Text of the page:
Arizona's once-hot economy was heavily reliant on construction and housing, industries that are making slow gains but are challenged by labor and land prices, experts said.
Home prices have increased in metro Phoenix as demand has risen. Some homes face multiple offers as investors outbid would-be homeowners -- who, in turn, have sparked the new-home market.
But homebuilders are being constrained because there are not enough workers and available cheap land, said Mike Orr, director of the Center for Real Estate Theory and Practice at the W.P. Carey School of Business at Arizona State University.
"Those two effects are crimping their style," Orr said.
Arizona still has 123,700 fewer construction jobs than in May 2006. However, that sector has shown some of the biggest gains, adding 2,900 jobs in May, compared with a 10-year average gain of 1,000 jobs for that month.
Many people who previously worked in construction have found new jobs or moved out of state, while others have left because of Arizona's new immigration laws, he said.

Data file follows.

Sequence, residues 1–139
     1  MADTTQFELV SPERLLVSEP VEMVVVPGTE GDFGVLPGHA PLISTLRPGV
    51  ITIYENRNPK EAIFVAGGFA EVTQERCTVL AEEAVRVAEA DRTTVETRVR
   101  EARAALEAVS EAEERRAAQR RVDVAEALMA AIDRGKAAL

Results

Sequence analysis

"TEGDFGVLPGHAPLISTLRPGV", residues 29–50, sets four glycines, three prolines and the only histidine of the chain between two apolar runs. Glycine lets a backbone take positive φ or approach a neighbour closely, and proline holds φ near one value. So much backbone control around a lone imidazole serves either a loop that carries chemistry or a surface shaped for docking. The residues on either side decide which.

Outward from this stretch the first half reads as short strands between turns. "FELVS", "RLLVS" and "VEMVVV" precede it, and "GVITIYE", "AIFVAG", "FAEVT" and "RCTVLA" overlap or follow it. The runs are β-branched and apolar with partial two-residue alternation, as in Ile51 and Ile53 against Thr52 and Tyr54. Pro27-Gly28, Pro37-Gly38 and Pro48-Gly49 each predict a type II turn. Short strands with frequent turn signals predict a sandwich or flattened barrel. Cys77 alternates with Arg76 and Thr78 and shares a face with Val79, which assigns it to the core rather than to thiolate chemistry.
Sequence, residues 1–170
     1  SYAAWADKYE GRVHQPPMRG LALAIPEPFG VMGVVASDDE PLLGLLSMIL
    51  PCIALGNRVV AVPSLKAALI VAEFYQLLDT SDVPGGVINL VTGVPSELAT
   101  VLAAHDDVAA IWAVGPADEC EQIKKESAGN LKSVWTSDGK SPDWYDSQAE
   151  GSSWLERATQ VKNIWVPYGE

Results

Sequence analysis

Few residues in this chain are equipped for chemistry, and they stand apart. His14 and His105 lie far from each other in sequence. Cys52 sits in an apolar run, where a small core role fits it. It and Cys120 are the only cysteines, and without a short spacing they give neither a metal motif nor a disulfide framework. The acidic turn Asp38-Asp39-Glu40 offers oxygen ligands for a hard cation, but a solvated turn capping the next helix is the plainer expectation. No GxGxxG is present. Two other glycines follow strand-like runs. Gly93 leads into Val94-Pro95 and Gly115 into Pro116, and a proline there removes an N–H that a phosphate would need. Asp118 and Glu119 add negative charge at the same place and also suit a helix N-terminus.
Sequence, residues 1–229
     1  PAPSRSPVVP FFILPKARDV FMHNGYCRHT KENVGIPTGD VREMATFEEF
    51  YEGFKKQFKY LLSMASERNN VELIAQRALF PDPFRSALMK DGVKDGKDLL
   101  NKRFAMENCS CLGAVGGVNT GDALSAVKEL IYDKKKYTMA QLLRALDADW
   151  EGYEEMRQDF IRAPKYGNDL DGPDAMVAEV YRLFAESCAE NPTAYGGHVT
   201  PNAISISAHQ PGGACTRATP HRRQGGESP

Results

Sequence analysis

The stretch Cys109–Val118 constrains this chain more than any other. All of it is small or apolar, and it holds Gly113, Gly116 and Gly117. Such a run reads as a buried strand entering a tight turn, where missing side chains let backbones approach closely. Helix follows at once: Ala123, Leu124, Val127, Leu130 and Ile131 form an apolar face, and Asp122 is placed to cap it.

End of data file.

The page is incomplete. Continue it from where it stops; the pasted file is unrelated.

"A large part of the people who built houses from 2000 to 2007 were almost certainly undocumented, and they no longer find it easy to get work here," he said.
The land issue is more complicated. Much of the available land was snapped up by investors during the downturn. Now, they are trying to maximize profits, and homebuilders are hesitant to pay their asking prices.
"It is a bit of a standoff at the moment," Orr said. "Unless homebuilders assume home prices will go up, it is hard for them to make the projects work out at current land prices."
David Jones, president/CEO of the Arizona Construction Association, predicts the labor issues will persist because fewer young people are joining the industry.
"Even when our market was white hot, seven or eight years ago, the average construction worker then was 52," he said. "The interest from younger people is not what it was 30 or 40 years ago."
Previously, many young people would enter the field after experience on a family farm. But as that industry has dried up, so has the labor pool for construction workers, he said.
"The family farm is the thing of the past," he said.
He advocates establishing programs that allow for skilled laborers from outside the country to take jobs here.
"Clearly I understand the social pushback, because there are millions of people out of work in the U.S., so why import workers?" he said. "But raise your hand if you know a young person who is seeking to learn a skilled craft in construction."
by Ryan Randazzo - Jul. 14, 2012 The Republic | azcentral.com
Construction, housing sectors face challenges
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